Then my parents dropped out.
Then so did we.
In between, before we worked out the difference between their not going and our contining to go, one of my parents would drop us off at church, returning an hour later to pick us up. Or the other one would. I suppose they drew straws.
Also in between, we would go to the park. For the church hour. It was behind the church.
“Come on!” Trouble would say, and we would follow him, even my sister who was older.
And we would play in the park, play and play and play, unsupervised, for the hour, returning back to the front of church in time for our lift home.
But then the park got boring, slightly more boring than church. And we worked out the difference – if our parents weren’t going to church then neither were we. It was our rebellion. And it worked. Plus I think they were a little alarmed when we told them that we never went anyway.
After that Sundays were all about lie-ins for everybody, the whole family. And church was all about Christmas. And Easter. We weren’t pagans.
Which meant no more Sunday School and no more Sunday School choir. Which was a little bit sad.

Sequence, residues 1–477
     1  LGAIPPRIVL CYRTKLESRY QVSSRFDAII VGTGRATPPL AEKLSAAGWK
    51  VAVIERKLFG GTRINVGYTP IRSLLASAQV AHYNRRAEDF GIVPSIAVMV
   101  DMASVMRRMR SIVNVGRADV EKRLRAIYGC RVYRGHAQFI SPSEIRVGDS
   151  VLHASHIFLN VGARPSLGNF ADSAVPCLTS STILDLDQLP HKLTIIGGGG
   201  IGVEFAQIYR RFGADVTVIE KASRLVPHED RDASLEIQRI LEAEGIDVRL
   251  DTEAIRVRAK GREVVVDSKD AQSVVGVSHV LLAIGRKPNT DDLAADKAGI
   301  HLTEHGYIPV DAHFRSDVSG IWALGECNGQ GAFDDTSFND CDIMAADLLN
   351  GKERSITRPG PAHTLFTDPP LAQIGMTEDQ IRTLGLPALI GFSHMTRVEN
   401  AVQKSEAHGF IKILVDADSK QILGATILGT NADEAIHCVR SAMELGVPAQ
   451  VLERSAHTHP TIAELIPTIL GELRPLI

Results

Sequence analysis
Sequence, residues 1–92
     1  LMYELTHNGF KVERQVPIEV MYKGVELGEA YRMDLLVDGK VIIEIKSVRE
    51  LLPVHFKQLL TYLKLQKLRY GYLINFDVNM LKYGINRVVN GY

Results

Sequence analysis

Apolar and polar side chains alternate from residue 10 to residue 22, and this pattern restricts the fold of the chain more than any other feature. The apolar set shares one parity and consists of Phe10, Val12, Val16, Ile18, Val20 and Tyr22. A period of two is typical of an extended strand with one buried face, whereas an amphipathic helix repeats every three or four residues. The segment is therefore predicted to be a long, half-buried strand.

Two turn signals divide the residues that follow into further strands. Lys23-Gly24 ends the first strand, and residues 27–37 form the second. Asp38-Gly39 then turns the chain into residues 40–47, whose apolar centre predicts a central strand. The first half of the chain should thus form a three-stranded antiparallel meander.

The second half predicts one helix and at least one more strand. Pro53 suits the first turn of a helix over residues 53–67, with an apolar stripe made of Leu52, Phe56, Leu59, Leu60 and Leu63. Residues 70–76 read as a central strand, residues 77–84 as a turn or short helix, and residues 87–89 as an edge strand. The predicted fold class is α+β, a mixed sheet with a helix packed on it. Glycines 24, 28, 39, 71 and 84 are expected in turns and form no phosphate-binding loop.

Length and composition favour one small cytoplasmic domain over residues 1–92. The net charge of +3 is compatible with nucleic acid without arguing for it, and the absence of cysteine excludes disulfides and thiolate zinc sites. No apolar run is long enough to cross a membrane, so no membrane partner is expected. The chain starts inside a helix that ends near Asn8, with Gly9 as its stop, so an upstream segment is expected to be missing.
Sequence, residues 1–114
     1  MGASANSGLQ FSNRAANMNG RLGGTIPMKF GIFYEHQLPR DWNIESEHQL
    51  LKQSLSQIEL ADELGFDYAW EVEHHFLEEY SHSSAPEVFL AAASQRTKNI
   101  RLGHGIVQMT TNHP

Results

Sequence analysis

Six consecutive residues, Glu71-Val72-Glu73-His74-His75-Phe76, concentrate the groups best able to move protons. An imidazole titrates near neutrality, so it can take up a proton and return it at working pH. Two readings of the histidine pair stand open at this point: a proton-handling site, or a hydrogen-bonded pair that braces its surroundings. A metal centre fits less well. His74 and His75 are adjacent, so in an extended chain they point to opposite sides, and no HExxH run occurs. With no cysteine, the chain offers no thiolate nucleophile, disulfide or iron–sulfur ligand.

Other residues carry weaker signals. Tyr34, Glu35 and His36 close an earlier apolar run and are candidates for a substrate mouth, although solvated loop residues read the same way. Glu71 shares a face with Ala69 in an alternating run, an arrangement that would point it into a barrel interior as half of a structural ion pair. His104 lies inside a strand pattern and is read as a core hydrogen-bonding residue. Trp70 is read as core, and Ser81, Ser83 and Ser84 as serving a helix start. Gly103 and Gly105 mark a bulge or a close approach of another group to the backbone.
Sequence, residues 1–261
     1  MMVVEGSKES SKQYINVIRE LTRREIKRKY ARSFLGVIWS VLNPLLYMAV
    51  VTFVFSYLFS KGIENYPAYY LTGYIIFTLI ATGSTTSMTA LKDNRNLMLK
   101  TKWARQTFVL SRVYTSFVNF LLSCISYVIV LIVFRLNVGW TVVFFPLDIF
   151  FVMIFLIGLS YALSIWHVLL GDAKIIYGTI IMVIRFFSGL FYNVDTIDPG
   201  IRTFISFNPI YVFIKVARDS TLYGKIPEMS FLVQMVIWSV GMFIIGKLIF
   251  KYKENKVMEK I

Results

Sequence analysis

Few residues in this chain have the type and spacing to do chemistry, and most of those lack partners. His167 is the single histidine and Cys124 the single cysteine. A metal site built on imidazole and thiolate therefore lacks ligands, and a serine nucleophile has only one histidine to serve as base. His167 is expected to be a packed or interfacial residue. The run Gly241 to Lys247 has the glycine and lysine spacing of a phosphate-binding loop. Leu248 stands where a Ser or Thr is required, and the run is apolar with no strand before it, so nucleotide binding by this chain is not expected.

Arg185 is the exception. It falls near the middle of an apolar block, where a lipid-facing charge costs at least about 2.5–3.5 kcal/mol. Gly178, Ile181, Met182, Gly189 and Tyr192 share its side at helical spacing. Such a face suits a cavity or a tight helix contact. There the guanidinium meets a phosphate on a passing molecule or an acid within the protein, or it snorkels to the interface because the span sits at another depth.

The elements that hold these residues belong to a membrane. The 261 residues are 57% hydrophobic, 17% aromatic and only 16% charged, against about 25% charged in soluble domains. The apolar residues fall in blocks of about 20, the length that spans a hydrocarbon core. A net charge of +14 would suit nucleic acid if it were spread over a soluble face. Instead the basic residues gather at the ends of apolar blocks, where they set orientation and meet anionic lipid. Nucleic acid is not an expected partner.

In Sunday School choir I sometimes got solo parts and would sing in front of the whole church – families, very old people, other old people, everybody. The minister. The whole congregation.
Everyone in Sunday School choir got a turn unless you had a voice like a dog. In which case your name was relegated to the bottom of the list and your turn delayed and delayed and delayed for so long that you might have quit by the time it came up.
Our choir teacher was very nice and took things quite seriously. She was strict about opening our mouths wide to sing which was really easy but I noticed some dumb-bats still never did. She was firm about diction. She wanted enthusiasm.
I could do all of them with my eyes closed but she was strict about that too. Eyes should be open, backs straight, mouths wide.
She gave us lots of songs to sing hardly any of which were boring. At Christmas we had brand new Australian carols. They were all about the outback and were rollicking. You could taste the dust in your mouth as you sang, they were so invigorating. And maybe because your mouth was so wide open. She wanted a lot of diction in those songs.
Imagine these lyrics to galloping drum beat or horse:
The North Wind is tossing the leaves
The red dust is over the town
The sparrows are under the eaves
And the grass in the paddock is brown
As we lift up our voices and sing
To the Christ-Child the Heavenly King
Or these to a cattle stampede:
Out on the plains the brolgas are dancing
Lifting their feet like war horses prancing
Up to the sun the woodlarks go winging
Faint in the dawn light echoes their singing
Orana! Orana! Orana to Christmas Day
Very Australian. The images didn’t sound much like our neighbourhood but I believed they were someone else’s, somewhere else. Somewhere much more Australian than our place.